Recirculating aquaculture is possible without major energy tradeoff: Life cycle assessment of warmwater fish farming in Sweden
Abstract: Seafood is seen as promising for more sustainable diets. The increasing production in land-based closed Recirculating Aquaculture Systems (RASs) has overcome many local environmental challenges with traditional open net-pen systems such as eutrophication. The energy needed to maintain suitable water quality, with associated emissions, has however been seen as challenging from a global perspective. This study uses Life Cycle Assessment (LCA) to investigate the environmental performance and improvement potentials of a commercial RAS farm of tilapia and Clarias in Sweden. The environmental impact categories and indicators considered were freshwater eutrophication, climate change, energy demand, land use, and dependency on animal-source feed inputs per kg of fillet. We found that feed production contributed most to all environmental impacts (between 67 and 98%) except for energy demand for tilapia, contradicting previous findings that farm-level energy use is a driver of environmental pressures. The main improvement potentials include improved by-product utilization and use of a larger proportion of plant-based feed ingredients. Together with further smaller improvement potential identified, this suggests that RASs may play a more important role in a future, environmentally sustainable food system.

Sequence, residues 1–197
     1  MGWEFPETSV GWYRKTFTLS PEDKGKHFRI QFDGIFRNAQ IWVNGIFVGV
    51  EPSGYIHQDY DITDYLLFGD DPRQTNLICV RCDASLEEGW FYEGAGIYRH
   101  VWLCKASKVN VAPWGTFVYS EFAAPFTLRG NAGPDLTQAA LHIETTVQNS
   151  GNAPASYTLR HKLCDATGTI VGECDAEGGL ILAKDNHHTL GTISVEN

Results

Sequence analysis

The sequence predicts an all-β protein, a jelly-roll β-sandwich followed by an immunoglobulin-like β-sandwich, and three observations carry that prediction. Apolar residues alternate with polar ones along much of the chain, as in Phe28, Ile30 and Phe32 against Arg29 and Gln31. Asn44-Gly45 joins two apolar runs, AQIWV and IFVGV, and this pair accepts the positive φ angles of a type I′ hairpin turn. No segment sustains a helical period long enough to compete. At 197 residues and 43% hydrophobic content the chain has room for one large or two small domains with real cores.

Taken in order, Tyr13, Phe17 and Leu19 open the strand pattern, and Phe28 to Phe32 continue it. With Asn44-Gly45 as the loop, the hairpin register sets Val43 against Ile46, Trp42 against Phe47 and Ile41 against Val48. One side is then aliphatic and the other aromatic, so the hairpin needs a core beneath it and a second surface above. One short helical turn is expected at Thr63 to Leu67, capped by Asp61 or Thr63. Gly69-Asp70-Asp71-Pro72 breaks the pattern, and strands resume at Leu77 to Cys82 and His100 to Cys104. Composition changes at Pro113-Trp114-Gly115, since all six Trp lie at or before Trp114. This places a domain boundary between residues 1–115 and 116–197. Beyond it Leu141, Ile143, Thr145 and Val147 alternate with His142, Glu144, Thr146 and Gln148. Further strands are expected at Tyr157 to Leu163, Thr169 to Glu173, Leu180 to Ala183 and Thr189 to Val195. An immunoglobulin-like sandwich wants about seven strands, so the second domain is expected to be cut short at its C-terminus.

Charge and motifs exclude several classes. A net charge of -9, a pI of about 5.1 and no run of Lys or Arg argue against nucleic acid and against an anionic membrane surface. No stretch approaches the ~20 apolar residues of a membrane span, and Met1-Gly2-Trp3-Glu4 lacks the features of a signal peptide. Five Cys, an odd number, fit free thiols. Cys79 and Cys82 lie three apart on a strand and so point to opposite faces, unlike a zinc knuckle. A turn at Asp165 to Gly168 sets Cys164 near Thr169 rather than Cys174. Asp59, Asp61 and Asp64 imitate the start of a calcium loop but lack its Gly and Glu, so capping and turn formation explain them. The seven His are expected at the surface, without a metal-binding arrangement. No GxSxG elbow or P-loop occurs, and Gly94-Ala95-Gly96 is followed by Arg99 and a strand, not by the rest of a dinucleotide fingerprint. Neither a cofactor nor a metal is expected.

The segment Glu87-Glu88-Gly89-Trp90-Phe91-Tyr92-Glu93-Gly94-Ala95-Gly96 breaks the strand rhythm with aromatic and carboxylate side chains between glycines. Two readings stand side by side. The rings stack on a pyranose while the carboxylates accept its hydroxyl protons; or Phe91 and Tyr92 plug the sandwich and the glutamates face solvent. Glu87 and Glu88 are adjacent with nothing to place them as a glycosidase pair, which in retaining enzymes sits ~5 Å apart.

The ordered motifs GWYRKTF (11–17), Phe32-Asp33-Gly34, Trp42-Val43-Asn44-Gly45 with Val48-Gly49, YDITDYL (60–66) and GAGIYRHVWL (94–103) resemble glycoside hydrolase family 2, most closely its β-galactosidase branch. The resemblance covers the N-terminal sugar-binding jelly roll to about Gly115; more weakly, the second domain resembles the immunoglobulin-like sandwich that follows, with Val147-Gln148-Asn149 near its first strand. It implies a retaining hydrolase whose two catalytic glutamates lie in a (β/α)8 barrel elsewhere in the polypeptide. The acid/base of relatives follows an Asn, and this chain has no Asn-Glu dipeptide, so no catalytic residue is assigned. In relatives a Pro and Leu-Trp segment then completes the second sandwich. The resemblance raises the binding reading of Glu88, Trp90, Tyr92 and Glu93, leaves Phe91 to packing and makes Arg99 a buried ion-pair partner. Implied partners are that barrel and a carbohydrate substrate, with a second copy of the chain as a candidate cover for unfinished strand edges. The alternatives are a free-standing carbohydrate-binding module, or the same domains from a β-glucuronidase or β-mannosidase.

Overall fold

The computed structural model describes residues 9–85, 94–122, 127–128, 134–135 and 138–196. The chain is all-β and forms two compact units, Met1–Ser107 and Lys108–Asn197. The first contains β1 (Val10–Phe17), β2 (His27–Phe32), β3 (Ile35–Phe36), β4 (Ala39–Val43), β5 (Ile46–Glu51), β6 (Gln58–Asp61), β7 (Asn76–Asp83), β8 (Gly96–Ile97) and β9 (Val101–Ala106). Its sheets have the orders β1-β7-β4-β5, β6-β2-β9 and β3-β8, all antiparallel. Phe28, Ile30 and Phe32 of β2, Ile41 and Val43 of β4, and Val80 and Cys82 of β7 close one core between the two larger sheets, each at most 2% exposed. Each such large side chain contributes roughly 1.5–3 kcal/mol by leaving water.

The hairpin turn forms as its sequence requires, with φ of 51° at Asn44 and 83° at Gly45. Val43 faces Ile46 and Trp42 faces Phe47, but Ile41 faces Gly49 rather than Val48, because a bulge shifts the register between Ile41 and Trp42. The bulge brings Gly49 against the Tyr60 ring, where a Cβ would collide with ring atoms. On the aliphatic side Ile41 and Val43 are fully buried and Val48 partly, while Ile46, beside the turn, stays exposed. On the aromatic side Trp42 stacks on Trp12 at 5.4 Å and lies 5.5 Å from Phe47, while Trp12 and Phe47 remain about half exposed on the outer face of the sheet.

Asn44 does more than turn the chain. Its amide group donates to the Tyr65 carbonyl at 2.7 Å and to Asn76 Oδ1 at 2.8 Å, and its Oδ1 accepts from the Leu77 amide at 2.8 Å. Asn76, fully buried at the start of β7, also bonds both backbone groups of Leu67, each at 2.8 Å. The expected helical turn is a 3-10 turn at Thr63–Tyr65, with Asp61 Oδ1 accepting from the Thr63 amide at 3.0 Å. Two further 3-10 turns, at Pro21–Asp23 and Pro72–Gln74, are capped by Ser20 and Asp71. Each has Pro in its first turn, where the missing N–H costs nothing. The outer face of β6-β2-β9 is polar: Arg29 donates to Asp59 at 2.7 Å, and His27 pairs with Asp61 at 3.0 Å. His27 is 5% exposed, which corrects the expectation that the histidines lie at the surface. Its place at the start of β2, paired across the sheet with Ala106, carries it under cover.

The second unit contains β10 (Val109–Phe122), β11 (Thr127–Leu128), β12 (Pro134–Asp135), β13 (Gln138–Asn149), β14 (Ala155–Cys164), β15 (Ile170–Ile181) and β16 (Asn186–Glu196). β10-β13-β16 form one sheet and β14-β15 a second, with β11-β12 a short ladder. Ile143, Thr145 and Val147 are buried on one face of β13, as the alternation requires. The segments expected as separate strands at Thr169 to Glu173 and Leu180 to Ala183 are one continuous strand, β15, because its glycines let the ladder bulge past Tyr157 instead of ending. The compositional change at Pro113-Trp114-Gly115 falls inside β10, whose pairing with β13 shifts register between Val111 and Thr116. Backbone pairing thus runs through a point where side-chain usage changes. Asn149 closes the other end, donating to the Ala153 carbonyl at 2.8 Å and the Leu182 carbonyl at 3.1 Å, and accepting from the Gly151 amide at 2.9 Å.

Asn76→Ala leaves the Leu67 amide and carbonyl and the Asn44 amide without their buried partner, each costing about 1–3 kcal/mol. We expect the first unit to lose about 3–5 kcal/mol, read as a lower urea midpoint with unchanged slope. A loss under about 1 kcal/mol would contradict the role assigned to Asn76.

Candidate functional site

Citation: Bergman, K., P.J.G. Henriksson, S. Hornborg, M. Troell, L. Borthwick, M. Jonell, G. Philis, and F. Ziegler 2020. Recirculating aquaculture is possible without major energy tradeoff: Life cycle assessment of warmwater fish farming in Sweden. Environmental Science & Technology 54(24):16062-16070
Keywords: Aquaculture, Animal feed, Electrical energy, Energy,Animal derived food